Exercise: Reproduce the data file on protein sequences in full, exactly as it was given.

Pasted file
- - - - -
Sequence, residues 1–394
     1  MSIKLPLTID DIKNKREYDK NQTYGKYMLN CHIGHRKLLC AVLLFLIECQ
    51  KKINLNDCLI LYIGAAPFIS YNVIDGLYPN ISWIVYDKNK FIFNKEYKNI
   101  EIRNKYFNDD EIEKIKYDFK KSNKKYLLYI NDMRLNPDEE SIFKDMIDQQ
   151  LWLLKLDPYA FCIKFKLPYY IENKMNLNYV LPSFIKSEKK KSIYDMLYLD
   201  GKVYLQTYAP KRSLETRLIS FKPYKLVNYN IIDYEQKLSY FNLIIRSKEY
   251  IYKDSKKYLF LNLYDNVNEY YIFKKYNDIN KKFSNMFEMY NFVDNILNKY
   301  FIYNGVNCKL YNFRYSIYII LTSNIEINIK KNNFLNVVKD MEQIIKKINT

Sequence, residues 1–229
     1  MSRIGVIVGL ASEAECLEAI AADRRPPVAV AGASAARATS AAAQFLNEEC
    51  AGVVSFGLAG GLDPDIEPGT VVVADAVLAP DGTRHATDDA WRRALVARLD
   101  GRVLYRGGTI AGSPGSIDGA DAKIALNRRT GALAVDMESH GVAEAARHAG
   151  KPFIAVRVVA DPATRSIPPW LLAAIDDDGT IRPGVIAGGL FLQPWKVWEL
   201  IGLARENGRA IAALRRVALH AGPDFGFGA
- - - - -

Sequence, residues 1–394
     1  MSIKLPLTID DIKNKREYDK NQTYGKYMLN CHIGHRKLLC AVLLFLIECQ
    51  KKINLNDCLI LYIGAAPFIS YNVIDGLYPN ISWIVYDKNK FIFNKEYKNI
   101  EIRNKYFNDD EIEKIKYDFK KSNKKYLLYI NDMRLNPDEE SIFKDMIDQQ
   151  LWLLKLDPYA FCIKFKLPYY IENKMNLNYV LPSFIKSEKK KSIYDMLYLD
   201  GKVYLQTYAP KRSLETRLIS FKPYKLVNYN IIDYEQKLSY FNLIIRSKEY
   251  IYKDSKKYLF LNLYDNVNEY YIFKKYNDIN KKFSNMFEMY NFVDNILNKY
   301  FIYNGVNCKL YNFRYSIYII LTSNIEINIK KNNFLNVVKD MEQIIKKINT

Sequence, residues 1–229
     1  MSRIGVIVGL ASEAECLEAI AADRRPPVAV AGASAARATS AAAQFLNEEC
    51  AGVVSFGLAG GLDPDIEPGT VVVADAVLAP DGTRHATDDA WRRALVARLD
   101  GRVLYRGGTI AGSPGSIDGA DAKIALNRRT GALAVDMESH GVAEAARHAG
   151  KPFIAVRVVA DPATRSIPPW LLAAIDDDGT IRPGVIAGGL FLQPWKVWEL
   201  IGLARENGRA IAALRRVALH AGPDFGFGA